You will have the home inspected and appraised. During the inspection, any items that may need to be repaired will be identified and the buyer’s agent will present an inspection response. You and your agent will respond, ultimately deciding which repairs to make. Once all parties have agreed, repairs should be made prior to the final walk through.
If a lender is involved in the transaction, the lender will order a professional appraisal to ensure the value of the home. Appraisers are required to inspect attics and crawl spaces so make sure they have access to those areas.
Buyers Final Walk Through.
The final walk through can be performed anywhere from a few hours to a few days before closing. It is the buyer’s last chance to be certain that the property is in the condition they agreed to buy. The home should be “show ready.” Think of it like the first showing or the day you prepped your home for professional photos – the home should be just as it was then.
The buyer and their agent will review the home to make sure all agreed-upon repairs have been made. Everything addressed in the inspection report should be taken care of and documented with receipts or invoices at this point.
Closing Day Expectations.
You’re in the homestretch! The marketing, negotiating and re-negotiating are complete, and now it’s time to close on the transaction you’ve worked so hard to complete. On closing day, your property will be transferred from you to the buyer – the new owner.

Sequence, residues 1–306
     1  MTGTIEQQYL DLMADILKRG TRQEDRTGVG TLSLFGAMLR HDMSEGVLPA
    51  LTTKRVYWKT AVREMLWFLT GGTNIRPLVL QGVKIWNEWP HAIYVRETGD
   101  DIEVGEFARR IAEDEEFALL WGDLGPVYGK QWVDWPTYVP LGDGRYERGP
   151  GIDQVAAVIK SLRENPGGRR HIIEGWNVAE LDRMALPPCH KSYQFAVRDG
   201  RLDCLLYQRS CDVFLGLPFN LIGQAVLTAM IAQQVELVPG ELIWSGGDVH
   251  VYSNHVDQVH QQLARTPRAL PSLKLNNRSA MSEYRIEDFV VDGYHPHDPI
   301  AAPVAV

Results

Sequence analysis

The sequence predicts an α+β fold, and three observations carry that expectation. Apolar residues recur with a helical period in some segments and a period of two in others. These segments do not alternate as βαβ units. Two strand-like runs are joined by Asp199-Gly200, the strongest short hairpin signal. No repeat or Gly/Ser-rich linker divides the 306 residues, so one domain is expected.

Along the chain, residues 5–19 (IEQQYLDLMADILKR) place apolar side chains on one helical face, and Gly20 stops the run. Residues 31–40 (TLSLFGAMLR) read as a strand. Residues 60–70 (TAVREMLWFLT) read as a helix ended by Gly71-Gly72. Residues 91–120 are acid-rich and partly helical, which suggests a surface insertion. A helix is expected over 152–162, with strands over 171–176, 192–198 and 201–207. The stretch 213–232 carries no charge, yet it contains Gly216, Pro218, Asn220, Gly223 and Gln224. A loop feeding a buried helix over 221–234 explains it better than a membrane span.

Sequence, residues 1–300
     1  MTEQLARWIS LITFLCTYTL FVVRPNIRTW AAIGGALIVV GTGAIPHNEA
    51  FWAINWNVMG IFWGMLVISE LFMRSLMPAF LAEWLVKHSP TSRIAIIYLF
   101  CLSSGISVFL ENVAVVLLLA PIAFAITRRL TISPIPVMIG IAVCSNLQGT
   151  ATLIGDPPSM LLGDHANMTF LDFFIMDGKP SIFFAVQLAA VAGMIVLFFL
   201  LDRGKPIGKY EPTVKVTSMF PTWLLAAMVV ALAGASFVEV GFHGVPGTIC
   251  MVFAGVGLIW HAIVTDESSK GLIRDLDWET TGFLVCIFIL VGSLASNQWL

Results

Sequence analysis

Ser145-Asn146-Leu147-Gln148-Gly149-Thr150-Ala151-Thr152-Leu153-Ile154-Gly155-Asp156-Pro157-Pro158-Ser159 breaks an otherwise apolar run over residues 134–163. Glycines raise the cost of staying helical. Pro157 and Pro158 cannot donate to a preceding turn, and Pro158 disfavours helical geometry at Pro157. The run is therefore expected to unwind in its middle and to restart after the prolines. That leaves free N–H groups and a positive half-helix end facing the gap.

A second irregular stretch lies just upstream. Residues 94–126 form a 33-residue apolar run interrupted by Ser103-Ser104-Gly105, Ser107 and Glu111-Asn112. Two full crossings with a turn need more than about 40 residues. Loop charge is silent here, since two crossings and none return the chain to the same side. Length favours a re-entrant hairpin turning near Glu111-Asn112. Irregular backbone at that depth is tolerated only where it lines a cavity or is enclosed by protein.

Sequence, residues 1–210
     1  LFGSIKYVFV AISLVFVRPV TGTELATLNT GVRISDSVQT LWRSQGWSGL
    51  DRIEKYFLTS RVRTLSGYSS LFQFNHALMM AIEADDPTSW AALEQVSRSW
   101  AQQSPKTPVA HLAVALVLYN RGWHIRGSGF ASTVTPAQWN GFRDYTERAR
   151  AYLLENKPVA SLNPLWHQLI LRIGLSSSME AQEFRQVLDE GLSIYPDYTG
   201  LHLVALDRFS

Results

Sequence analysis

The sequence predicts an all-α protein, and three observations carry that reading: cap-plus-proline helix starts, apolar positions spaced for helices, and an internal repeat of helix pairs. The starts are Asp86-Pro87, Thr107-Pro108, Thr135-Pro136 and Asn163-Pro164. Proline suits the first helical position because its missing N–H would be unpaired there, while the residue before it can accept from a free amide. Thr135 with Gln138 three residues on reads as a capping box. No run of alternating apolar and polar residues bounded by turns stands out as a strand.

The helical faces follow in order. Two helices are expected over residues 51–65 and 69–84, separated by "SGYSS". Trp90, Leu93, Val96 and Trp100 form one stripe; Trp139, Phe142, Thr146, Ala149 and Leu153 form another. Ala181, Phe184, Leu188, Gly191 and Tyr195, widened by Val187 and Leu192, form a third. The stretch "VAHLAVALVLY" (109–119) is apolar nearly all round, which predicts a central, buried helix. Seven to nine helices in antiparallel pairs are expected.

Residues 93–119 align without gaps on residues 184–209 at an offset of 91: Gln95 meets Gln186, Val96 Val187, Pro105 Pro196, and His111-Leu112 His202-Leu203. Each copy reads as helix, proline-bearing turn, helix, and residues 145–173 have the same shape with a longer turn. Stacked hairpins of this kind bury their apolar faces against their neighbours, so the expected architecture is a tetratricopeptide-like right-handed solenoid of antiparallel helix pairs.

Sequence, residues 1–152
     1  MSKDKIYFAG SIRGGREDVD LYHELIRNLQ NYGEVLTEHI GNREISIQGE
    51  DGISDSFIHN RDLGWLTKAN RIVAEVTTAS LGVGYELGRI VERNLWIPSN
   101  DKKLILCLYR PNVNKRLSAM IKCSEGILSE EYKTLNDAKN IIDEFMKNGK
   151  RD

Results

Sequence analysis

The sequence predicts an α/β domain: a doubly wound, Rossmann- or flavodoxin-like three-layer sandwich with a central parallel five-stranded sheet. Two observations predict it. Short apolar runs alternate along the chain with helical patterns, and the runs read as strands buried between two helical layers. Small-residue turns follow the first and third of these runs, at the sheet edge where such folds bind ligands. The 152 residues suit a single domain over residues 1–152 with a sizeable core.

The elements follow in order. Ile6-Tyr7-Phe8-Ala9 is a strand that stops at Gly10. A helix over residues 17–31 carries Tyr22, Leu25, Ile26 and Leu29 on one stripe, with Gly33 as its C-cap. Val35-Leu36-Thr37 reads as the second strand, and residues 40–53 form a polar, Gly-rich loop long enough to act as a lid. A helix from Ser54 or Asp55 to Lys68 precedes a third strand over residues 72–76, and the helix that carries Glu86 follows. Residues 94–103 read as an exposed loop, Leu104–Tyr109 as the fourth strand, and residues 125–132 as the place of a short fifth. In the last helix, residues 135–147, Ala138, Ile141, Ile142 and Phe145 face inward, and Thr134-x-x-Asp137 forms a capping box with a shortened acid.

The lion’s share of document signing will be up to the buyer, but as the seller you will sign the deed over to the buyer. This act officially transfers ownership to the buyer. The title company (or in some cases a lawyer or notary) will register the new deed with the appropriate government office. This record will show the buyer as the new homeowner.
As the seller, you will receive any proceeds earned from the sale.
This is a great time to communicate any pertinent information about the property. Most importantly to this meeting, you’ll be bringing the keys to the home, but also consider bringing or relaying information such as garage entry codes and manuals or warranty information for any appliances – either have them on hand or tell the buyer where to locate them in their new home.